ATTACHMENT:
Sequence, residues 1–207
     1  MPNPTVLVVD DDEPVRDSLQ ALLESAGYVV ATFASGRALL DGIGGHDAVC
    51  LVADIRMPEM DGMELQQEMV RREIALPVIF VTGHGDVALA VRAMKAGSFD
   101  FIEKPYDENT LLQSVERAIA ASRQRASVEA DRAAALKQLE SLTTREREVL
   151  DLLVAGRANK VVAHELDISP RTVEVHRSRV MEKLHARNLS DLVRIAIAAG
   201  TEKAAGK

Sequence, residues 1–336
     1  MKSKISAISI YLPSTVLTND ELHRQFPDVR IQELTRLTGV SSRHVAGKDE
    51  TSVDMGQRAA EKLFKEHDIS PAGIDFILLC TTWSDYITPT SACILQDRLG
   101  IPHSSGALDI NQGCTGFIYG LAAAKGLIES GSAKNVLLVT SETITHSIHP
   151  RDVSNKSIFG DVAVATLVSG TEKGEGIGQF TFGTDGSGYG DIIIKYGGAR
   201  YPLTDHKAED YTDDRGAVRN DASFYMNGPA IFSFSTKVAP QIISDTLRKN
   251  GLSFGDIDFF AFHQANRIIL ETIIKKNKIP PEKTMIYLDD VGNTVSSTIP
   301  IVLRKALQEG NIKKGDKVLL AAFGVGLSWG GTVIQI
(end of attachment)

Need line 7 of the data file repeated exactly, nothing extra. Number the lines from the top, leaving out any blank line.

Sequence, residues 1–336